Most of London to honour the deal

16th February 1996 at 00:00
Most of the capital's authorities will honour the teachers' pay award as part of an explicit policy to prioritise education, it emerged this week.

The dramatic exception is Lambeth, which has decided that putting its notoriously troubled finances in order must be the priority. It is not providing any money for the award and up to 175 teachers could face the sack.

The authority said schools must find the money from their reserves, but heads and union officials say less than half have any reserves left. National Union of Teachers members in the borough are considering strike action to fight the cuts.

Elsewhere it was clear that special protective treatment for education would be at the expense of other services and steep rises - as much as 30 per cent - in council tax.

London authorities were the losers in last November's public spending round compared to the counties - education grant was cut across the capital and the education SSA (the amount the Government thinks an authority should spend) was reduced in inner London.

Recruitment may become a problem, however, especially in the wake of the recent criticisms of low standards in inner-London. The School Teachers' Review Body has rejected a suggestion made last year by Gillian Shephard that it should create a special incentive payment of Pounds 1,500 to attract teachers to difficult areas. It suggests that there is already enough scope for schools to reward these teachers using recruitment and retention points.

But Will Tuckley, head of policy at the Association of London Government, pointed out that teacher turnover in London had increased to 10.9 per cent compared with 9.5 per cent last year. "While there may be nothing to panic about at the moment, we could be seeing the beginning of a return to the appalling situation we had a few years ago when councils were desperately recruiting people from abroad." In 1989, the figure for teacher turnover was 23 per cent.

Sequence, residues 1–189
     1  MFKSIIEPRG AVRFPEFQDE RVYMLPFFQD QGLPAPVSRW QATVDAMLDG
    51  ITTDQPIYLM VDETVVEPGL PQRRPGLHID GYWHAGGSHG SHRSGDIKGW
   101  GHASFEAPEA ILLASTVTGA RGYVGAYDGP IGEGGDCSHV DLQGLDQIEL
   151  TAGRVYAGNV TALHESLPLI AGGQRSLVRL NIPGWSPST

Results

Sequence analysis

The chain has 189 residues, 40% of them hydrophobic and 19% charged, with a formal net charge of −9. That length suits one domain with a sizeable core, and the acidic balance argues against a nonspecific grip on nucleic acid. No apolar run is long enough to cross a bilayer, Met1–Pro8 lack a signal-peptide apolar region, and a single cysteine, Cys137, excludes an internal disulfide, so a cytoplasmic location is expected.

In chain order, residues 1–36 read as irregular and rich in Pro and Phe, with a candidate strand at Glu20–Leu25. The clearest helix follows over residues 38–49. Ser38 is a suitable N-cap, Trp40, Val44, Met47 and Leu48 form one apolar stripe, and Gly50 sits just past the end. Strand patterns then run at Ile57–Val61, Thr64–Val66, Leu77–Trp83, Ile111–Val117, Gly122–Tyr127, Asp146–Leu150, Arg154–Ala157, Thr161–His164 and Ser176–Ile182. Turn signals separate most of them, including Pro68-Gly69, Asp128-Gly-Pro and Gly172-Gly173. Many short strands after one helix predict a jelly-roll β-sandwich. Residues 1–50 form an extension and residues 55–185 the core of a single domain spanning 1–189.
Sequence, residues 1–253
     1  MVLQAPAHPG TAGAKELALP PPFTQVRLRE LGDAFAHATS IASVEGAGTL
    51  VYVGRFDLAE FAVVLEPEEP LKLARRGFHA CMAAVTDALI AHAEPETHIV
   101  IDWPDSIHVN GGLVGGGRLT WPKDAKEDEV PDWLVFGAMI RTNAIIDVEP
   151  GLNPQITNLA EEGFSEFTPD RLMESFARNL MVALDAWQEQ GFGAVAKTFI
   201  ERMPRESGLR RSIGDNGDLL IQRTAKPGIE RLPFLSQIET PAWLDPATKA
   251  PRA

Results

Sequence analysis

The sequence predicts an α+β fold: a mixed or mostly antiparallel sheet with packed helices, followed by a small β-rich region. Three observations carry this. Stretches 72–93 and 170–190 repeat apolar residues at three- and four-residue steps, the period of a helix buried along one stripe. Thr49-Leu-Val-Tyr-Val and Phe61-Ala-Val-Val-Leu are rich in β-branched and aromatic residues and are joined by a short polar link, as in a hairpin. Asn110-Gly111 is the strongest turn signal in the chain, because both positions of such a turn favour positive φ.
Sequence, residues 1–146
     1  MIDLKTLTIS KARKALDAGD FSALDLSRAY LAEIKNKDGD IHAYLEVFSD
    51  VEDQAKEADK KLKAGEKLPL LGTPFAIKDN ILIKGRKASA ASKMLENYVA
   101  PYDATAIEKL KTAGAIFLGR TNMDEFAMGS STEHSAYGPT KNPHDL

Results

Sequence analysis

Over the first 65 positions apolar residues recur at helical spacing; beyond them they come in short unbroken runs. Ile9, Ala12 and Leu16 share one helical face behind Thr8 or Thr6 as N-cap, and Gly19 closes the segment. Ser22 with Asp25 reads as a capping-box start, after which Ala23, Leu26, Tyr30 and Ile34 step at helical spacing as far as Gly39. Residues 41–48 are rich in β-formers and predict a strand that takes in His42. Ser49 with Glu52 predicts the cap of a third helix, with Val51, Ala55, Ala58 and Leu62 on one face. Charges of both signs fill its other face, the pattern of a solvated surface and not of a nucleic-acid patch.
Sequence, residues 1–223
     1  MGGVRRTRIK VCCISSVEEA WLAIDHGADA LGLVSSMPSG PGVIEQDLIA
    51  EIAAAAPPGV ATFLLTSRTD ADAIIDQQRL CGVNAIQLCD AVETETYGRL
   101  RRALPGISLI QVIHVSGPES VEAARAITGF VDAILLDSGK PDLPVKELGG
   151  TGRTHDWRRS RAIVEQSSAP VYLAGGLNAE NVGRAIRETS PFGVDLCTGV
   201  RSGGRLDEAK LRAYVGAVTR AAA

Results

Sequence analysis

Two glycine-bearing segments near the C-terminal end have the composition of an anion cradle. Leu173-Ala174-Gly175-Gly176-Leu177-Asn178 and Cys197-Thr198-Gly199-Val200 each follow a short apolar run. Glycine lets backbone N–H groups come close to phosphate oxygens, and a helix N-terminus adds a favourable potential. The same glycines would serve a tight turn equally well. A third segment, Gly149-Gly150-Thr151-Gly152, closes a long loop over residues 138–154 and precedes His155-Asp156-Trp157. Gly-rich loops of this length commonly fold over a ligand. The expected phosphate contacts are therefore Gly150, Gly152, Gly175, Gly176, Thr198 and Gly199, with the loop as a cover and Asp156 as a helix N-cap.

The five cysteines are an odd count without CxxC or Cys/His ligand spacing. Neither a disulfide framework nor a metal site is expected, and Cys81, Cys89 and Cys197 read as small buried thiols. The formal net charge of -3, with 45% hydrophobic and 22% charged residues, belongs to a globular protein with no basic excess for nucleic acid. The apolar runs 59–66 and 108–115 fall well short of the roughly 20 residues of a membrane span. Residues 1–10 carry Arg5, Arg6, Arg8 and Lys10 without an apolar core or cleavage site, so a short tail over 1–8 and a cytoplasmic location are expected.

The London allowance will increase by the same percentage as pay generally, but the Pounds 822 inner London supplement - considered an anachronism by the review body but still paid by some LEAs - is excluded from this in the review body's report.

Hammersmith and Fulham said it would be able to fund the award despite a 3.8 per cent cut in its education grant, but other services face cuts of Pounds 7 million. Controversially, there will also be a Pounds 100 rise in council tax - bringing band D up to Pounds 720.

Southwark, which suffered the biggest cut in education grant, is facing an overall cut of Pounds 10m. It is funding the pay award but council taxes will rise by 30 per cent, taking band D up to Pounds 766.

Hackney, Islington, Kensington and Chelsea, Tower Hamlets were still setting their budgets, but were confident they could fund teachers' pay. Greenwich is setting aside 3 per cent for pay and "looking at ways of providing the rest without cutting services".

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